I finally got around to watch the last 4 episodes and read all the spoiler text in here.
Regarding Sleep No More
: meh. It's basically 45 minutes of Paranormal Activity and clickbait. I can't imagine a child that's properly scared of the sand men now –the plot was probably too contrived in the end. Perhaps I'm too critical since I've seen the same atmosphere in Sunshine, and there the tension was executed excellently. They could've made the sand men grow out of
the floating dust. That would not only wisely spend the budget on CGI instead of silly plot, but also make children scared of dust so they clean their rooms more often.
Regarding Face the Raven
: can't say much else than "nice!". Or wait, I do: a death sentence for stealing necessary medical supplies? Me should know by now that harsh punishments (stealing isn't even a violent crime, that's robbery) don't make a society safer.
I really liked it when Me revealed that she made a deal with the raven, and then felt bad for Clara's plan to backfire horrendously. A glorious death for a glorious season (except for Sleep No More).
Regarding Heaven Sent
: I'm thinking they started the story with his confession dial (that's a proper Chekov' gun right? It was pointed out at the start of the season and again just before teleporting) being a proper time loop and then someone thought "hey, he can end up on gallifrey after leaving the dial, we just need some way to have a lot of space-time pass by –why not put an arbitrary reset mechanism in the dial instead of having a proper bootstrap-loop?".
...and then someone was so stupid to say "alright" instead of "Shut up, Wesley!".
There's also a bit of plot-residue left from when the dial was actually unlocking (with the castle being
a metaphor for
the lock of course) every time he confessed something. Either that or it was specifically put there to get the doctor to confess a third time.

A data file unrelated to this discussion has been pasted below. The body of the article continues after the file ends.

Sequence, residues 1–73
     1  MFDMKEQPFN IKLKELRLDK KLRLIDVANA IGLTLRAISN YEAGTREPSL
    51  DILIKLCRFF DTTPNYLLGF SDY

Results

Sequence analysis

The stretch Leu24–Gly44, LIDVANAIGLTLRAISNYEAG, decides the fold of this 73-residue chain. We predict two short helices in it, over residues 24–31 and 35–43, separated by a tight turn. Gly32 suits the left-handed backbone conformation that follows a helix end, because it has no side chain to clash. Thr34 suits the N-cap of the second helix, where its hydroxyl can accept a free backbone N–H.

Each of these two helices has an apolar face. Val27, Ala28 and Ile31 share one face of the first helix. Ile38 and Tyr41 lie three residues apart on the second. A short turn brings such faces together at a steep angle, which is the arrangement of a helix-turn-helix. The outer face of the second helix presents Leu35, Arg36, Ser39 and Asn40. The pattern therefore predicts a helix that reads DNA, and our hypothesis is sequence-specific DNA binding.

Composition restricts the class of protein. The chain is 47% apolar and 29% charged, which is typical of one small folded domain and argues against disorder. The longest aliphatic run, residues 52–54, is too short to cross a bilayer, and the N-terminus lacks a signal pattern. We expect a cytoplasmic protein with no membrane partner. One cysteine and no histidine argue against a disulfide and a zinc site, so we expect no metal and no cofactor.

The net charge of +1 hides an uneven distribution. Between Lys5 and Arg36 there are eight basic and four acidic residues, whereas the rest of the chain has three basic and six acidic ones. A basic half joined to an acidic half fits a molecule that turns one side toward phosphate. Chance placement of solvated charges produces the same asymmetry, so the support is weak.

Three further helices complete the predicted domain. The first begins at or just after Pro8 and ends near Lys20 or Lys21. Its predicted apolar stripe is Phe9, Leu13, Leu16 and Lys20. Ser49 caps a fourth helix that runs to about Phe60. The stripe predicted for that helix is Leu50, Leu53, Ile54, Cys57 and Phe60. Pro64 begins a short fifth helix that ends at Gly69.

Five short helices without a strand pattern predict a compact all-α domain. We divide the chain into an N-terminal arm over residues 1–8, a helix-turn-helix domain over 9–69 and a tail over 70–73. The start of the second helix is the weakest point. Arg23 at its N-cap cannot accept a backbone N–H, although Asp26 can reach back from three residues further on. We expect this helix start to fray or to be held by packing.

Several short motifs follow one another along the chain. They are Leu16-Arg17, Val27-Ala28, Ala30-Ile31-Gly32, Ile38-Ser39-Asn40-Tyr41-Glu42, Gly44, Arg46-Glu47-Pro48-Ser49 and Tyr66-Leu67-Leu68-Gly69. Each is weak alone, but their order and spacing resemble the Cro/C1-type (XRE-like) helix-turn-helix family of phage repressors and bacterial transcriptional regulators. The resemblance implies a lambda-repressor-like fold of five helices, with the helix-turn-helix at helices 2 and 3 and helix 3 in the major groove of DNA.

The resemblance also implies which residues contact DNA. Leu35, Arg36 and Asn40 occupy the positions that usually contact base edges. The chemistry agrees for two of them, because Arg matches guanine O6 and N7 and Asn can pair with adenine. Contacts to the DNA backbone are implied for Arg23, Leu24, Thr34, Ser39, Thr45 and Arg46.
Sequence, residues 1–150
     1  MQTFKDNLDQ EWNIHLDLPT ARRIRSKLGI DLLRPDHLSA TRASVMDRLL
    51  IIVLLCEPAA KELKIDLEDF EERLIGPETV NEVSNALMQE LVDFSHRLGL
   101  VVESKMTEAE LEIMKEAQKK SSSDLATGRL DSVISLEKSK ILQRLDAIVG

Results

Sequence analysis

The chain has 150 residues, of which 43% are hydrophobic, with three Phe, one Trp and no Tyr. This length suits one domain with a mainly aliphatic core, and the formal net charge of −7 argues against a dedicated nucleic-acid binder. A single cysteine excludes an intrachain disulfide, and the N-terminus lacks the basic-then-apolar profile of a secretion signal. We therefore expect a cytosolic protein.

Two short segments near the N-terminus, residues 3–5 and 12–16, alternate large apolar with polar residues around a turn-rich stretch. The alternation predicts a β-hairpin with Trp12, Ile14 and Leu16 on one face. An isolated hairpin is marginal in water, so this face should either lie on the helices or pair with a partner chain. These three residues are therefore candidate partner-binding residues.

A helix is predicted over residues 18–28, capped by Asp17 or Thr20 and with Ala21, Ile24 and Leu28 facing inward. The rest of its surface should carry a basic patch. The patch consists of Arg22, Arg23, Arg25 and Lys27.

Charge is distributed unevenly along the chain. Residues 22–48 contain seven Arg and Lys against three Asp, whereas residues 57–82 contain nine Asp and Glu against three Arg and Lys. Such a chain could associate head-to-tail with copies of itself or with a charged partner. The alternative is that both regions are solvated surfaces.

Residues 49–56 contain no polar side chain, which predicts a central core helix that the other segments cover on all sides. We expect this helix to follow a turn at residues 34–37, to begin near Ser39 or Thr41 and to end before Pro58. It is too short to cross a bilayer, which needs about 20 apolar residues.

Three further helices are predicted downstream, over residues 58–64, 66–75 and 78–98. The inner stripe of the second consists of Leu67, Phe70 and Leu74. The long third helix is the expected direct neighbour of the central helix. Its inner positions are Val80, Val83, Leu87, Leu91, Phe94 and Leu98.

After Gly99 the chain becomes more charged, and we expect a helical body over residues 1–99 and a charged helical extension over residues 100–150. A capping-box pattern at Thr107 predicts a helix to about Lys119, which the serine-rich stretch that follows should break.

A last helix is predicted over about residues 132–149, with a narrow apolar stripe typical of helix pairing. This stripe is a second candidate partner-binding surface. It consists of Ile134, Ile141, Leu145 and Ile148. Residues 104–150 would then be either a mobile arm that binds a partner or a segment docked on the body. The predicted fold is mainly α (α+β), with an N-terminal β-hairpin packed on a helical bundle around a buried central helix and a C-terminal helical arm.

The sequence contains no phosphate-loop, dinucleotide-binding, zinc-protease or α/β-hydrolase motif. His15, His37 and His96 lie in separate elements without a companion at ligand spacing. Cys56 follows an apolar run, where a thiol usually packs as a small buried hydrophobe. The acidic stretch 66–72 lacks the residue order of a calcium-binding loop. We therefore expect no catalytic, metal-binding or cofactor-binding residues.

Nonetheless I enjoyed the episode. Especially that, for once, the main character learns that it is their nightmare/torture/interrogation and then using that information. "Death" turned into a nuisance rather than a scary monster after the doctor's escape out the window. It's a pity that in the end it wasn't as introspective as I hoped it to be; the whole confession monster was designed by others, instead of it being a dissociation in the doctor's mind.
Regarding Hell Bent
For the love of the universe, just keep the companion dead. Clara's death was sad and beautiful. Now the whole previous episode means nothing. Well, not nothing of course, but to me it really loses a lot of its charm.
rmsgrey wrote: Echo244 wrote:
rmsgrey wrote:I'm less convinced about the whole irreplaceable best-friends-forever thing that Moffat's been continuing to embrace with the Companions - yes, Clara has been special to this Doctor, but he's had special people before, and lost them, and moved on and found someone new - sometimes even run into old companions again when he's managed to let them go at the time. It seems like the only way to stop traveling with the Doctor nowadays is to be forcibly prevented by some disaster...
Isn't that what Martha did? Hop on, hop off and then from time to time be part of the furniture?
Link wrote:Unrelatedly, it would be nice if the Doctor got a non-21st century human companion for a change (i.e. either non-human, or a human from a different era). There have been some major recurring characters who fit that bill, but apart from Handles, I think the last "real" companion who wasn't a human from the 21st century was Jack Harkness.
For humans, I'd say maybe go for someone from pre-industrial Asia. There's a rather glaring lack of Asian main characters. Non-humans may be trickier; heavy prosthetics aren't great for a regular companion, and I don't really think they'd go for a "looks exactly like a human but isn't" type of character, unless it's an alien disguised as a human (of which there have been a lot, lately, so maybe it's not that far-fetched).
I'm all in, but the guys producing the show probably think that an alien companion (either in form or culture) would alienate a lot of the audience. And it probably does.
Maybe it's also a good thing to have one character with contemporary Western values and one character with (contemporary Western) ideological values. Keeps the show's feet on the ground.